• Her Husband: Hughes and Plath, a Marriage by Diane Middlebrook (2013)

16 Responses to “The Tragic Relationship of Sylvia Plath and Ted Hughes”

  1. Fantastic summary! (I think this page is about to get way more traffic as Swifties start really digesting TTPD…)

    • Oh wow, that’s interesting … I wonder if Sylvia Plath is directly referenced in TTPD. As it is, this article is always in the top three of views on the site, ever since it was posted several years ago — interest in Plath is endless and enduring!

  2. Sylvia Plath, the wife, committed suicide, then Assia Wevill, the married other woman, murdered her daughter who was fathered by him as she killed herself.
    These women killed themselves because of the same man. Then in the end, this man got himself a new woman whom he stayed married with until his death.
    How he managed to not kill himself despite the tragedies is beyond me.
    So yah, ladies, do not kill yourselves when you lose your partner to another man or woman. If someone like Ted managed to stay alive and be loved, you deserved it more. ♡

  3. I think the feminist movement could have helped Plath – did her shrink have insights? What light is shed by “Birthday Letters”?

  4. I also agree with Dorothy that so many people failed Sylvia. Today we are much more aware of mental health and there’s support for these issues in lots of places but being a person that has struggled with suicide myself, regardless if it’s the 1960’s , 500 B.C or 2022 , mental illness breeds isolation and left to yourself, you can believe & be convinced that there’s NO hope & NO ONE cares. I grieve and weep for & with my fellow soldiers who battle mental illness because it’s CATASTROPHIC to oneself and then the guilt you live with and the haunting feeling EVERYONE is better off without you is rough stuff to fight all alone. Many people have opinions about Sylvia Plath but the raw truth is she WAS alone the night she committed suicide and nothing can change that fact!! I wonder if she would’ve had a friend or her husband with her that night, would she have given into the darkness that seemed to plague her mind & ride her thoughts??

  5. EXCELLENT article, By Aiyana Edmund, thank you for sharing. I recall traveling to Ashland, Oregon to explore the Shakespeare Festival & happened upon a movie theatre showing the film “The Bell Jar”. I was eerily drawn to attend a showing, which may quite likely ignite a spark to a future occupation of writing, now fast forward to today reading this article about the life of Sylvia Plath. I did not know her story, which for me reminds me, in a way slightly of the Hemingway’s relationship… slightly. I look forward to reading her literary genius… thank you again! Wishing you & your family GOD’S RICH BLESSINGS & MIRACLES continuously abounding! Elle💗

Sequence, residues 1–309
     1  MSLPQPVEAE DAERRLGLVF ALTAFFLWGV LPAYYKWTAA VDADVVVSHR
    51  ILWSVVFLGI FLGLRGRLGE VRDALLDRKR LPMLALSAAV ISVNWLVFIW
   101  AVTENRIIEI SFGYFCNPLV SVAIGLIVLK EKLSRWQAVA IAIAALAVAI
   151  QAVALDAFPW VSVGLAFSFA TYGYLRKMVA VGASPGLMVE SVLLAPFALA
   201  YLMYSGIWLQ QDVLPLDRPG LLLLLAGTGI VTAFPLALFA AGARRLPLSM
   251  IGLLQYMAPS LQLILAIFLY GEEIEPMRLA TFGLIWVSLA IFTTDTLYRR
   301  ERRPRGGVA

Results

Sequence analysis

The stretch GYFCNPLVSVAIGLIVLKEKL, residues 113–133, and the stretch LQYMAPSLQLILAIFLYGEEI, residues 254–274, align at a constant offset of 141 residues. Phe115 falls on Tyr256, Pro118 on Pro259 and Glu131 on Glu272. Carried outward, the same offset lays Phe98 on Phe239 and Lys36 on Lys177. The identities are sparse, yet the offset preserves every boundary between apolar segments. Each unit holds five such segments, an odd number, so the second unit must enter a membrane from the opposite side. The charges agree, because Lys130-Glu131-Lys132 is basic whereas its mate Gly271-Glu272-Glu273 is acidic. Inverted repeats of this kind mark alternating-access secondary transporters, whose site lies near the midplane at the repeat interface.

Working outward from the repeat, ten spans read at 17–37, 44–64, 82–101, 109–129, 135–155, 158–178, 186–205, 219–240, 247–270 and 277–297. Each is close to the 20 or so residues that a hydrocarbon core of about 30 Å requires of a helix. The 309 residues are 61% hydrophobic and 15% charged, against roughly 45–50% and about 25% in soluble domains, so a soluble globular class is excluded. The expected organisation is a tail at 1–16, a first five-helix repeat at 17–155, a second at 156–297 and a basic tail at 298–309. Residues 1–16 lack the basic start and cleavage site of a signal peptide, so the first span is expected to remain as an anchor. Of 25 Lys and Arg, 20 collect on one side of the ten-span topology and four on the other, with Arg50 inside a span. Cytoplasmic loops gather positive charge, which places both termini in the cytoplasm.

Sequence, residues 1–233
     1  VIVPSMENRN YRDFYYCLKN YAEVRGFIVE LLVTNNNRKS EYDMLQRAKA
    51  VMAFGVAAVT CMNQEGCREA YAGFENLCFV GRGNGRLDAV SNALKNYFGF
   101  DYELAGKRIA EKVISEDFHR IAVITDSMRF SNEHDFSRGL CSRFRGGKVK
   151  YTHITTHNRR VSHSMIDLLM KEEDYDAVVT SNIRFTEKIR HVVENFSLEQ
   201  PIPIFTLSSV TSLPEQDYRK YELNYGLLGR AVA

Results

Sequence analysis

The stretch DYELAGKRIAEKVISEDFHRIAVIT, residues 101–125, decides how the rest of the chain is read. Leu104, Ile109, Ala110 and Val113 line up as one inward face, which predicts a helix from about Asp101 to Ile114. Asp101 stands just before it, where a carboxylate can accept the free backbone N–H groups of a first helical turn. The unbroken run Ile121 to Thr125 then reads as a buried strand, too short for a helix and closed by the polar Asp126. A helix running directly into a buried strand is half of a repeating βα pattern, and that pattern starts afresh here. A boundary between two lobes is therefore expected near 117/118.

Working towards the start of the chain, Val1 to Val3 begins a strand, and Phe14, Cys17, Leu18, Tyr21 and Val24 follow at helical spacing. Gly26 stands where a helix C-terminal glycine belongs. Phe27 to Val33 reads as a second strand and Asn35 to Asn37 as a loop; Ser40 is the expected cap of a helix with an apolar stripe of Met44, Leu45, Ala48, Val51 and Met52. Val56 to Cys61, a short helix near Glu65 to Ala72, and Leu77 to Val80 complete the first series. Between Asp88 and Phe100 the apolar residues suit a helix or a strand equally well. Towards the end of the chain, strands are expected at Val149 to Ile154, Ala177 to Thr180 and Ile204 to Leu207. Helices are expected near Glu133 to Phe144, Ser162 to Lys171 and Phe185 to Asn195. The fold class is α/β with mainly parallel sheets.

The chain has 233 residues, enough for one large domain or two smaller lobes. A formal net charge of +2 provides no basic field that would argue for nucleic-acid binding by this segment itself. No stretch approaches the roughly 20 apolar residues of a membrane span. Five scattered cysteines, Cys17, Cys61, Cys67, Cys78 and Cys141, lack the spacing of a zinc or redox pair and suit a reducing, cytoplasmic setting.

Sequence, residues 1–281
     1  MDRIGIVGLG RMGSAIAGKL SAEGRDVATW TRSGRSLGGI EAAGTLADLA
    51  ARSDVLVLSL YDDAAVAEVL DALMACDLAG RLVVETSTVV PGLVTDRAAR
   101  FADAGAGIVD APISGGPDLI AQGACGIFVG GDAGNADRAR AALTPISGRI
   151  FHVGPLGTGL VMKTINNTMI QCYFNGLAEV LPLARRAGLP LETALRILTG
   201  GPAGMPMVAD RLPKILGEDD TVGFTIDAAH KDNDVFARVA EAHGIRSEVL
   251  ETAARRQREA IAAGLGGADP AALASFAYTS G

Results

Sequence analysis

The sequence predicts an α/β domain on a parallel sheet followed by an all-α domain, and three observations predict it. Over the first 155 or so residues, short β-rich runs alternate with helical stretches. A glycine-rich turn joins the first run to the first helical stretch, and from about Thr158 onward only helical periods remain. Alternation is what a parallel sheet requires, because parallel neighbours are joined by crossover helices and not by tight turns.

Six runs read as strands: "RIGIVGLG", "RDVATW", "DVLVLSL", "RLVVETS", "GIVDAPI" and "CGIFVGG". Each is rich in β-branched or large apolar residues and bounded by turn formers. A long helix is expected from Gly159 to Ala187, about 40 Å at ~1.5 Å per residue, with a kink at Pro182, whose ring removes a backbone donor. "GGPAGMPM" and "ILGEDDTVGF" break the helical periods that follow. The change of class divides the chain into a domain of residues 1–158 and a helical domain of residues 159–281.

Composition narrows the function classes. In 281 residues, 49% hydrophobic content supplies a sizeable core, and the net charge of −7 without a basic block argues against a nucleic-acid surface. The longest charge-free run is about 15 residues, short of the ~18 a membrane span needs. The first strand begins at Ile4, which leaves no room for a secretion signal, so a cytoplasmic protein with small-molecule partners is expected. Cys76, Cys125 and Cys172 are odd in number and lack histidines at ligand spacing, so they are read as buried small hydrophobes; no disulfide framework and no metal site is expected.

6. Ted Hughes tried to rise up behind the real genius of Sylvia Plath and the fact that he owned the rights to her poetry is a representation of his misogyny. He is is not, nor has ever been her literally equal. He was a male whore. He should be recognized for exactly for that and a male opportunist.

    • Sylvia Plath had seen a lawyer for advice about divorce, finances before she died. She had only to make a Will if she so distrusted Ted Hughes with her poetic legacy.

  7. There is a great deal of testimony by friends, and even a detailed account by one of Plath’s friends about that last week of her life. I am no apologist for Ted Hughes. He was never faithful to any woman and had multiple affairs over the years, but I would mistrust anything Plath said in the last week before her death. However, in her defense, Ted Hughes should have realized how ill she was that last week. I simply can’t get that out of my mind, how ill and fragile she was and how people just let her die. This includes Hughes, but there were others.

    • Thanks for your comment, Melinda. Also, to add to what you’re saying, that she was left to fend for herself when so fragile, and taking care of two small children without support.

  8. I just watched the film “Sylvia”with a fine performance by Gwyneth Paltrow. I can relate very well to her story, living in the same era, losing my creativity, unfaithful husband, beloved small children and depression. I could not bear leaving my children and so I am here today at 85 years after a complicated life full of sorrows and joys. It hasn’t been easy, but I am glad I did what I did.

    • Thanks so much for your comment, Dorothy. I haven’t seen the film, but it’s on my watch list. It’s true, sometimes we do what we need to do in life even when there’s a big price to pay. Thank you for being a Literary Ladies reader!